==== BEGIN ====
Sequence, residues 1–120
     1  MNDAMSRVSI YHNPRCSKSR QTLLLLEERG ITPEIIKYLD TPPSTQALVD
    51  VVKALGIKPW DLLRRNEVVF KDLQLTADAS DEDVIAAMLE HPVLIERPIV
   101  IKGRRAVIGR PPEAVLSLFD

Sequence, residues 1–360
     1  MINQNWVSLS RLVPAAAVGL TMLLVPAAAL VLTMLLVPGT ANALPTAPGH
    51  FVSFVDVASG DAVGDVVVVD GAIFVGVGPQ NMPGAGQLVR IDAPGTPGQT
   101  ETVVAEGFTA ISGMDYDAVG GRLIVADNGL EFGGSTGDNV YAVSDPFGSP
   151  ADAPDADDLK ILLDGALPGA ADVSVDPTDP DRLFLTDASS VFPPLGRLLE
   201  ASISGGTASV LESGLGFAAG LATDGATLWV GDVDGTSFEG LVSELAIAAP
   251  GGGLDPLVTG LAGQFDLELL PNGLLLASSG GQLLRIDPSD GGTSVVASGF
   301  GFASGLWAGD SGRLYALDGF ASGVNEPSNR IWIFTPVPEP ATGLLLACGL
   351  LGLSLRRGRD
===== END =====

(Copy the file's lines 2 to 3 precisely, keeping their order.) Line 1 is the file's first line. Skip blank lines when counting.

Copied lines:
     1  MNDAMSRVSI YHNPRCSKSR QTLLLLEERG ITPEIIKYLD TPPSTQALVD
    51  VVKALGIKPW DLLRRNEVVF KDLQLTADAS DEDVIAAMLE HPVLIERPIV